Brian Rotman: Becoming Beside Ourselves: The Alphabet, Ghosts, and Distributed Human Being (2008)

13 October 2013, dusan

Becoming Beside Ourselves continues the investigation that the renowned cultural theorist and mathematician Brian Rotman began in his previous books Signifying Nothing and Ad Infinitum…The Ghost in Turing’s Machine: exploring certain signs and the conceptual innovations and subjectivities that they facilitate or foreclose. In Becoming Beside Ourselves, Rotman turns his attention to alphabetic writing or the inscription of spoken language. Contending that all media configure what they mediate, he maintains that alphabetic writing has long served as the West’s dominant cognitive technology. Its logic and limitations have shaped thought and affect from its inception until the present. Now its grip on Western consciousness is giving way to virtual technologies and networked media, which are reconfiguring human subjectivity just as alphabetic texts have done for millennia.

Alphabetic texts do not convey the bodily gestures of human speech: the hesitations, silences, and changes of pitch that infuse spoken language with affect. Rotman suggests that by removing the body from communication, alphabetic texts enable belief in singular, disembodied, authoritative forms of being such as God and the psyche. He argues that while disembodied agencies are credible and real to “lettered selves,” they are increasingly incompatible with selves and subjectivities formed in relation to new virtual technologies and networked media. Digital motion-capture technologies are restoring gesture and even touch to a prominent role in communication. Parallel computing is challenging the linear thought patterns and ideas of singularity facilitated by alphabetic language. Barriers between self and other are breaking down as the networked self is traversed by other selves to become multiple and distributed, formed through many actions and perceptions at once. The digital self is going plural, becoming beside itself.

With a Foreword by Timothy Lenoir
Publisher Duke University Press, 2008
ISBN 0822342006, 9780822342007
176 pages

Commentary (Ben Pritchett, Mute)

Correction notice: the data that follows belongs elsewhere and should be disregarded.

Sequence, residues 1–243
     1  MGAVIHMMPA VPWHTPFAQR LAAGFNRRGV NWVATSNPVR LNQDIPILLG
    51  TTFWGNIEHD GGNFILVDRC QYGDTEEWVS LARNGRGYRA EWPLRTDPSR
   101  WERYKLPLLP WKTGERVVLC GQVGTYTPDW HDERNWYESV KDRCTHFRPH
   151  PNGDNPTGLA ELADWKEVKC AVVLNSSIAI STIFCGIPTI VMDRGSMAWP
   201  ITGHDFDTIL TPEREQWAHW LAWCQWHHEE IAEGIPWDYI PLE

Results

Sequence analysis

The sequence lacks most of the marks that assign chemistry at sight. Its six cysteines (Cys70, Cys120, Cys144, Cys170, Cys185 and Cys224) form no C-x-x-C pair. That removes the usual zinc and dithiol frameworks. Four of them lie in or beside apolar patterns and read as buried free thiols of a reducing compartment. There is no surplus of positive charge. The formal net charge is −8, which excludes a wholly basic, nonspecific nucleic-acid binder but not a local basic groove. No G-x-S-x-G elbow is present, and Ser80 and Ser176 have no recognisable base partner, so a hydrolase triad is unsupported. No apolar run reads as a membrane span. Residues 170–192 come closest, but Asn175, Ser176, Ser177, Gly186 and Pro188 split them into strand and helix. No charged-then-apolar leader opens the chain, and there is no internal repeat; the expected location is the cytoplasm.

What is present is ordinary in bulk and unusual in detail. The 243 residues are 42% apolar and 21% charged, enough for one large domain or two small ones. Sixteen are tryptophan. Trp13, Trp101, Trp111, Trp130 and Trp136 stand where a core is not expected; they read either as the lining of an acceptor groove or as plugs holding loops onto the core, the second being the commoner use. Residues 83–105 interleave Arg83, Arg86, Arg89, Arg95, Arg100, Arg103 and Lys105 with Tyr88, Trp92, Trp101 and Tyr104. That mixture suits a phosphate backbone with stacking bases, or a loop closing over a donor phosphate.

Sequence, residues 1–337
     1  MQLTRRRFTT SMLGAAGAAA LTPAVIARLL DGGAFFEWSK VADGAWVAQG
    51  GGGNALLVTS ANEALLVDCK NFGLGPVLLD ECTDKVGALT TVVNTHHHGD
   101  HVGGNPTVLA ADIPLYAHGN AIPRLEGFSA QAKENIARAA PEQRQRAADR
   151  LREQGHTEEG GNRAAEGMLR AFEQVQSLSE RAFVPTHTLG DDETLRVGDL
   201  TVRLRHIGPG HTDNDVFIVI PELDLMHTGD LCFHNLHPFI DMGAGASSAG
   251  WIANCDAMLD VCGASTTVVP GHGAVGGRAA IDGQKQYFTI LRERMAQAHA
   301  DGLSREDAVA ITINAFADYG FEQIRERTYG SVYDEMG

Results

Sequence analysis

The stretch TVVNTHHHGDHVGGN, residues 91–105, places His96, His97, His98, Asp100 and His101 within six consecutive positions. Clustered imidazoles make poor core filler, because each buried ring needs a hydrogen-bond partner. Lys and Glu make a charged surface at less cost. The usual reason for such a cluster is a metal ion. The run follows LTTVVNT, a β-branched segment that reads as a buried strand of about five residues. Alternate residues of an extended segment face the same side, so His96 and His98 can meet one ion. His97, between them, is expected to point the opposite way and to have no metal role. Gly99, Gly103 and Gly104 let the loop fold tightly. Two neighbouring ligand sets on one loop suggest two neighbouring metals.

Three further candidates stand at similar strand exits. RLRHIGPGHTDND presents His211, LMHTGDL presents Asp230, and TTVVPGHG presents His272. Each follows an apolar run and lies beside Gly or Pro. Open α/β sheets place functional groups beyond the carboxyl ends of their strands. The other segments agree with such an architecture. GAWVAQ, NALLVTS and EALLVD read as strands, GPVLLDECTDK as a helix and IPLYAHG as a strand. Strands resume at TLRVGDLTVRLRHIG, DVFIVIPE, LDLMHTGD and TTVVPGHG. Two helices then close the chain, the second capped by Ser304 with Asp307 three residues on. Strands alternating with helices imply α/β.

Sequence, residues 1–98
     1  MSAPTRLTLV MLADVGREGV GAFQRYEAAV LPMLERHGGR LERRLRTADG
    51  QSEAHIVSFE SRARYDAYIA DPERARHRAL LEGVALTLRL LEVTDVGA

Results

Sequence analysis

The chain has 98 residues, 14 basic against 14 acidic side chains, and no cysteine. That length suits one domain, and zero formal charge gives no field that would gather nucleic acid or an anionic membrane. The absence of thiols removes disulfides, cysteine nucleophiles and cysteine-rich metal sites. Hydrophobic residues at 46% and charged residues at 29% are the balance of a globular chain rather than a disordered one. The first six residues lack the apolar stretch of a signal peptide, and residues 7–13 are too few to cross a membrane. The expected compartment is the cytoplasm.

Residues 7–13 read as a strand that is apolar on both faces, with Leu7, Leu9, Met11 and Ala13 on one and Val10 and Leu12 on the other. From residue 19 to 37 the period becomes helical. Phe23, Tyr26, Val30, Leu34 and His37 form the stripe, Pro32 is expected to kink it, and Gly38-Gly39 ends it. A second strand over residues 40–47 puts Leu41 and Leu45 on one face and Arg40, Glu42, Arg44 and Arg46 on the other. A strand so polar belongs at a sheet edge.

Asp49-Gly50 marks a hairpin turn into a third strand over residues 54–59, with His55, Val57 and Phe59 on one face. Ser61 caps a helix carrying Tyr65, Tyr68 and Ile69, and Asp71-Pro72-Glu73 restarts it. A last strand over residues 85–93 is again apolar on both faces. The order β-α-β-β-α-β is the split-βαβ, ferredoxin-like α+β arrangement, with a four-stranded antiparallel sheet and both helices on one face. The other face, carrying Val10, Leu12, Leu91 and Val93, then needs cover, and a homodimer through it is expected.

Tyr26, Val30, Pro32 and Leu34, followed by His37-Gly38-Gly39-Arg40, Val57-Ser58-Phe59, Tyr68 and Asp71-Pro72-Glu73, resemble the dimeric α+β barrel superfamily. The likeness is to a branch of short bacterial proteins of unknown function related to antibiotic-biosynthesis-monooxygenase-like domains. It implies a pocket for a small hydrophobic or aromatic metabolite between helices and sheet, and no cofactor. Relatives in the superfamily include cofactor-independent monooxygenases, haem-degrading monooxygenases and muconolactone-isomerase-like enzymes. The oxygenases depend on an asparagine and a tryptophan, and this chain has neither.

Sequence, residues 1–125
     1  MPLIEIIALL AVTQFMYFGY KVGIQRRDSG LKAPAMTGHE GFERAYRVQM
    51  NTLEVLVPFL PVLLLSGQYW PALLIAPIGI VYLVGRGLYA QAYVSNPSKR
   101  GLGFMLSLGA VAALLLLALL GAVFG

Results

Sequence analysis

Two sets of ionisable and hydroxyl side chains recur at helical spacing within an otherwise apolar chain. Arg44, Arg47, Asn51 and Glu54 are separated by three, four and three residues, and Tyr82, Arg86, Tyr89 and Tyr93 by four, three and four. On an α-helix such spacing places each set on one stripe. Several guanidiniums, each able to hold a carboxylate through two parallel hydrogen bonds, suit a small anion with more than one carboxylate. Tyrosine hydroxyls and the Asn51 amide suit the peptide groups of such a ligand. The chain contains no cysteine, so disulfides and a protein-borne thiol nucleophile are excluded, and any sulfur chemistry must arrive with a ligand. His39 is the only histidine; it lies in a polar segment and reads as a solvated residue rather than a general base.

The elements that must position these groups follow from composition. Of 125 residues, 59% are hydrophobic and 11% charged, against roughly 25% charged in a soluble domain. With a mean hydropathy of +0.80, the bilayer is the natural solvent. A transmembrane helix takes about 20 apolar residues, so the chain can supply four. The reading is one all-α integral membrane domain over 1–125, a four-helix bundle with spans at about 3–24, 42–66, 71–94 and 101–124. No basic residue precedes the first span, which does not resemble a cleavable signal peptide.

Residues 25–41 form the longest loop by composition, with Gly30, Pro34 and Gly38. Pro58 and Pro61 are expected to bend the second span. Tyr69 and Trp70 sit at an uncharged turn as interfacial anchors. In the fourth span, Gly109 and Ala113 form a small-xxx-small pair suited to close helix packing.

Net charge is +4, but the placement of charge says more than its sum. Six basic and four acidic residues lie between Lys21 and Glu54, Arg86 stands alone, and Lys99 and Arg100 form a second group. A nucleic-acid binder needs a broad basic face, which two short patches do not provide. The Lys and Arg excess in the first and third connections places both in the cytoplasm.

Review (Stevan Harnad, Times Literary Supplement)

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Sergey Merkurov: Soviet Erotic Alphabet (1931)

15 July 2013, dusan

The so-called Sovetskaya eroticheskaya azbuka [Soviet Erotic Alphabet] by the monumentalist sculptor Sergei Dmitrievich Merkurov (1881-1952), the author of numerous monuments to Stalin (including the three largest in the USSR) and Lenin.

Так называемая «Советская эротическая азбука» скульптора-монументалиста Сергея Дмитриевича Меркурова (1881—1952) — автора многочисленных монументов И. В. Сталину (в том числе трех самых крупных на территории СССР) и В. И. Ленину. Знаменитая и крылатая фраза: “В СССР секса нет” имела скорее всего политическую подоплёку. Если самого Лаврентия Берию можно назвать продолжателем дела “секс-машины” Григория Распутина, то, напротив, добропорядочного советского гражданина Сергея Дмитриевича Меркурова, лауреата нескольких сталинских премий, – «строго засекреченным русским Байросом». Данную папку он подписал на обложке: акварельные рисунки И.И. Иванова (1886-1924) и даже указал годы его жизни. Как будто, это имело какое-то значение для работников “карающего меча революции”. Чувствуется сильное влияние французской и южно-немецкой школ живописи.

Commentary: Ross Wolfe (2013)
Erotic Alphabets: A Bibliography (Josh Honn)

Published in 1931
36 pages


Barry B. Powell: Homer and the Origin of the Greek Alphabet (1991)

5 July 2013, dusan

“What caused the invention of the Greek alphabet? Who did it, and why? The purpose of this challenging book is to inquire systematically into the historical causes that underlay the radical shift from earlier and less efficient writing-systems to the use of alphabetic writing. The author declares his conclusion to be a possibly surprising one–that a single man, perhaps from the island of Euboea, invented the Greek alphabet specifically in order to record the Iliad and the Odyssey of Homer.”

Publisher Cambridge University Press, 1991
ISBN 0521371570
280 pages

Review: Mabel L. Lang (Bryn Mawr Classical Review)

PDF (10 MB, updated on 2014-3-8)